The striped Pteri bowed. “As you wish, my lord.”
“Go. Prepare yourself.”
Fugelce hurried off, muttering to himself.
Sloth turned back to Parlax, arms crossed. “How likely is this to break our cover?” he asked softly.
“I don’t know.” Parlax sighed, blanking the computer screen. “At the first attack, unlikely that they’ll really know, or do, anything. After three or four? It’s harder to say.”
The Ruki closed his eyes, concentrating. “Make sure that we have enough spare robots for another attack two days after the attack on Qasala. And another two days after that. I don’t care what tricks Fugelce pulls to get that done. We need to keep surprise on our side for that long.”
“You’re just going to give more credence to the idea that you’re back, my lord.”
“What’s the other option?” Sloth shook his head, eyes open and focused on Parlax. “We’ll need to be able to pull off a schedule like that as soon as the robots are finalized. A harsher schedule, even. Let Fugelce begin worrying now. It’ll pay off in the end.”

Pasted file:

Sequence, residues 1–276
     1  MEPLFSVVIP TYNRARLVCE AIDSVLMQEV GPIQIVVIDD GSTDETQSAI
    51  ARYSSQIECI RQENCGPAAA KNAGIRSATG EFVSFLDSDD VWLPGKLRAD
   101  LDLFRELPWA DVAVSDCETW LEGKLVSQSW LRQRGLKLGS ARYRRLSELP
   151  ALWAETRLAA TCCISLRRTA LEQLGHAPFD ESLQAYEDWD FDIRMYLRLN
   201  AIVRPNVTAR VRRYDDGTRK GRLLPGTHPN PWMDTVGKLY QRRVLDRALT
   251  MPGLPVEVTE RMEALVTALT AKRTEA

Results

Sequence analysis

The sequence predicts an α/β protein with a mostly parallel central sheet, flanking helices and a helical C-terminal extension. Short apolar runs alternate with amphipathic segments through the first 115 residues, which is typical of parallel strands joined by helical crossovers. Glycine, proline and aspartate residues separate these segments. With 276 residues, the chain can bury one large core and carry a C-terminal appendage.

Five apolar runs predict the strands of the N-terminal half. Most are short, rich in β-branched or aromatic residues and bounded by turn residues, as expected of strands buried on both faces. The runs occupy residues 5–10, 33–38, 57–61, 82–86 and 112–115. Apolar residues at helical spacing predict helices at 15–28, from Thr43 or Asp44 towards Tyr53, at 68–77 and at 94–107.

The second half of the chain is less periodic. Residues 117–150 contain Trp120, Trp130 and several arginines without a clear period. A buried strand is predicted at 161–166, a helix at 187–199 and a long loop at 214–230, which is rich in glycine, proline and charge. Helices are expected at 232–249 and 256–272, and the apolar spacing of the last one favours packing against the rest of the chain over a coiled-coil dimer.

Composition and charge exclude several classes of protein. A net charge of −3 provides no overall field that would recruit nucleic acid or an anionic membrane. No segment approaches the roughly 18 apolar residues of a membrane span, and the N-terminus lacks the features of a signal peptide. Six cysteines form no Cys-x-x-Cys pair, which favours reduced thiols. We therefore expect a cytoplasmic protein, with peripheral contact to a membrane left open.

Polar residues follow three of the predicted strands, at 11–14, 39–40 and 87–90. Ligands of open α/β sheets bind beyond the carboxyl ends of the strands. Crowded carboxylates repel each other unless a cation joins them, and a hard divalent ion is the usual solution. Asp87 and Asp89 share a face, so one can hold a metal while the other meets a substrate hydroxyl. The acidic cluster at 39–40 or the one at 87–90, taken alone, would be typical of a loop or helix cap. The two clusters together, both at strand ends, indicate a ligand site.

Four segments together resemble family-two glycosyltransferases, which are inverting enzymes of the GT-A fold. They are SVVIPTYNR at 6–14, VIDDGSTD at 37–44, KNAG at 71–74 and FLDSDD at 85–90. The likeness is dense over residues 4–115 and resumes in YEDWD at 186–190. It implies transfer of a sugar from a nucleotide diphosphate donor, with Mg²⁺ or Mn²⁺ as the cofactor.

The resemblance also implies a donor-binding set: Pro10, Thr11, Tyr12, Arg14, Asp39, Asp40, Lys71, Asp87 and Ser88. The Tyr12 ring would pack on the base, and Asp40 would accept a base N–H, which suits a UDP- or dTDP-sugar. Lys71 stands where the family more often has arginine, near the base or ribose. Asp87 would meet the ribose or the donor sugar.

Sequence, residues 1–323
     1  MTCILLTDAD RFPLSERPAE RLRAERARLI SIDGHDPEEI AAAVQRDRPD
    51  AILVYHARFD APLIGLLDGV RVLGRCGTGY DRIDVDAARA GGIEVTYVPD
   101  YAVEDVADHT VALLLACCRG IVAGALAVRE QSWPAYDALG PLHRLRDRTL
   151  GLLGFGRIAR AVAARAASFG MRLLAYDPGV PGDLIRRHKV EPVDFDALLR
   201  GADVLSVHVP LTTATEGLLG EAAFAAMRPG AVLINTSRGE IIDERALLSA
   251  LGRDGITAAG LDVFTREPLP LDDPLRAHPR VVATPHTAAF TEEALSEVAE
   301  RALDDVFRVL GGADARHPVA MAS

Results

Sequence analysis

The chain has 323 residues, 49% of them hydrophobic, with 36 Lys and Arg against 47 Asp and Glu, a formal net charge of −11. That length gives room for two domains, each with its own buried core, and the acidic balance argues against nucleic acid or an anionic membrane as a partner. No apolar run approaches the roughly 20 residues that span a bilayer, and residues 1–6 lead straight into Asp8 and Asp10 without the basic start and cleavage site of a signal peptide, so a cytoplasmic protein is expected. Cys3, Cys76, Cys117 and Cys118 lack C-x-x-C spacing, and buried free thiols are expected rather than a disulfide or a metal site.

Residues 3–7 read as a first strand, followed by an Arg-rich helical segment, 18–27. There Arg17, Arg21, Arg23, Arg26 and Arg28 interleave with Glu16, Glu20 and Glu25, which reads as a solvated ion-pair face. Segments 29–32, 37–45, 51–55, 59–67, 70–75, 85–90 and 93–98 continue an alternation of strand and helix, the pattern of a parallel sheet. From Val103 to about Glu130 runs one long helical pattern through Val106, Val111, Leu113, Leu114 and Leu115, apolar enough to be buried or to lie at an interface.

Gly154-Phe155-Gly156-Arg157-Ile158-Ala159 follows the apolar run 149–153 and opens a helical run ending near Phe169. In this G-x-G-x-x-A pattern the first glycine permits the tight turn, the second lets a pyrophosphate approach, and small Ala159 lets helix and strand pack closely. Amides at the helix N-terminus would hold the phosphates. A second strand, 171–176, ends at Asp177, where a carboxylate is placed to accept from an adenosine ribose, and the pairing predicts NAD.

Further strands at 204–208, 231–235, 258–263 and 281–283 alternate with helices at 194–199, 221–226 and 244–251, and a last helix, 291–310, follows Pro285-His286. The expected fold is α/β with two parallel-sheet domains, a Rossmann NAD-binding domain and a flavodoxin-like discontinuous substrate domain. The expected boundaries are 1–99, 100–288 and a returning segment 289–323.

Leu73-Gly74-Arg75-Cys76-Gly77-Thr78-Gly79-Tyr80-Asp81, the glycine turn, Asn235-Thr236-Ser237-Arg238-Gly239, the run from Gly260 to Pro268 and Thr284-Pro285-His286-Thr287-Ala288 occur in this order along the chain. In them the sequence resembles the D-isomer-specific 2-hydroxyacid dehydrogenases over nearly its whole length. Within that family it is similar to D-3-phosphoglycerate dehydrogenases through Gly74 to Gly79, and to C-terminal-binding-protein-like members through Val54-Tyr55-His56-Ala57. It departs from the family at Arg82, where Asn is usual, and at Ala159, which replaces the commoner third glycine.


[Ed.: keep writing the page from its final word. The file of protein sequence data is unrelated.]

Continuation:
It’s all I can do, right now. Sloth sighed. “I’ll be out in space when you begin the mission. Keep the video records from the robots for me.”
Parlax bowed. “I will, my lord.”
Sloth nodded sharply, turning to leave. As he began to open the door, Parlax spoke again. “Be careful.”
“Only if you are.” Sloth strode out of the room, into the empty corridors of the lab level. His footsteps echoed, ringing through the halls.
Do you really think they’ll manage that schedule? Pariel asked.
Does it really matter?